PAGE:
What is Passover (Pesach) and how is it celebrated?
Pesach (Passover). Attend a Seder ("ordered") meal to
retell the Exodus story of Moses leading the Israelites
from Egypt, ca., 1250 BCE. Celebrate deliverance from
slavery to freedom, but remember hard times by eating
matzah (unleavened bread) and bitter herbs.
Over 3,000 years ago, the Israelites were enslaved by
the Egyptians under the rule of Pharaoh Ramses II, a pharaoh
who did not know the heroic acts of Joseph or how he saved
Egypt from famine. According to the Book of Exodus - Moses,
was instructed by God to go to the pharaoh and demand
the freedom of the people.
with his brother Aaron, went to Pharaoh and pleaded with
him to "Let my people go," but his plea was ignored. Moses
warned the Pharaoh that God would send severe punishments
to the people of Egypt if the Israelites were not freed.
Again the Pharaoh ignored Moses' request of freedom. In
response, God unleashed a series of 10 terrible plagues
on the people of Egypt: Blood, frogs, lice (vermin), wild
beasts, cattle disease, boils, hail, locusts, and darkness.
Still, Pharaoh refused to free the Israelites - until
the last plague.
In order to force the Pharaoh to do God's bidding, God
told Moses to tell Pharaoh that God intended to kill the
first-born of both human and beast. To protect themselves,
the Israelites were told to mark their houses with lamb's
blood so that God could identify and "pass over" their
homes. The holiday's name -- Pesach, generally meaning
"passing over" or "protection" in Hebrew, is derived from
the instructions given to Moses by God. The Pharaoh, however,
was unconvinced and refused to free the slaves.
Then the last plague hit. Cries of sorrow rang out throughout Egypt, and finally, Pharaoh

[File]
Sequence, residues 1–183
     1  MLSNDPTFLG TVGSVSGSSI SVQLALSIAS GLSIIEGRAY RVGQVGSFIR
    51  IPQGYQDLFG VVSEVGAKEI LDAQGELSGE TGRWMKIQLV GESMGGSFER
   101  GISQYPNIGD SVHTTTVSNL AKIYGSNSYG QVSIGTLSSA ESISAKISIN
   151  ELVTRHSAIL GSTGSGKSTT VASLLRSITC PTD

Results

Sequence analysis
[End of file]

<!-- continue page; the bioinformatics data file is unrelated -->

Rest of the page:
agreed to let the Hebrews go.
When the Pharaoh finally agreed to freedom, the Israelites
left their homes so quickly that there wasn't even time
to bake their breads. So they packed the raw dough to
take with them on their journey. As they fled through
the desert they would quickly bake the dough in the hot
sun into hard crackers called matzot. Today, to commemorate
this event, Jews eat matzah (right) in place of bread
for the entire eight days of Passover.
Though the Israelites were now free, their liberation
was incomplete. The Pharaoh's army chased them through
the desert towards the Red Sea. When the Jews reached
the sea they were trapped, since the sea blocked their
escape. It was then that a miracle occurred. The waves
of the Red Sea parted and the Israelites were able to
cross to the other side. As soon as they all reached the
other side the sea closed trapping the Pharaoh's army
as the waves closed upon them. Then, as the Israelites
watched the waters of the Red Sea sweep away the Pharaoh's
army, they realized they were finally free.
the celebration of Passover, certain dietary restrictions
apply, beyond the laws of kashrut
(kosher). The source of the restrictions can be found
in Exodus 12.15, 19. "For seven days, you shall eat unleavened
bread É for seven days, there shall be no leavened products
in your home for whoever eats chametz shall be
cut off from the congregation." Chametz is the
leavened product that results when wheat, rye, barley,
oats, or spelt (the "five grains") comes into contact
with water for more than eighteen minutes. Therefore,
all breads, patries, cakes, cookies, and dry cereal are
considered pure chametz. In addition to these five
grains, many Jews do not eat rice, corn, beans, peas,
and peanuts on Passover. Since flour can be made of these
grains and baked into bread, it may lead to confusion,
say the rabbis. While matzah is made of wheat, it is carefully
watched when baked so that no water touches the flour
prior to mixing the dough. Then it is mixed and baked
in less than eighteen minutes.
Also See: JOI's
Passover Holiday Page.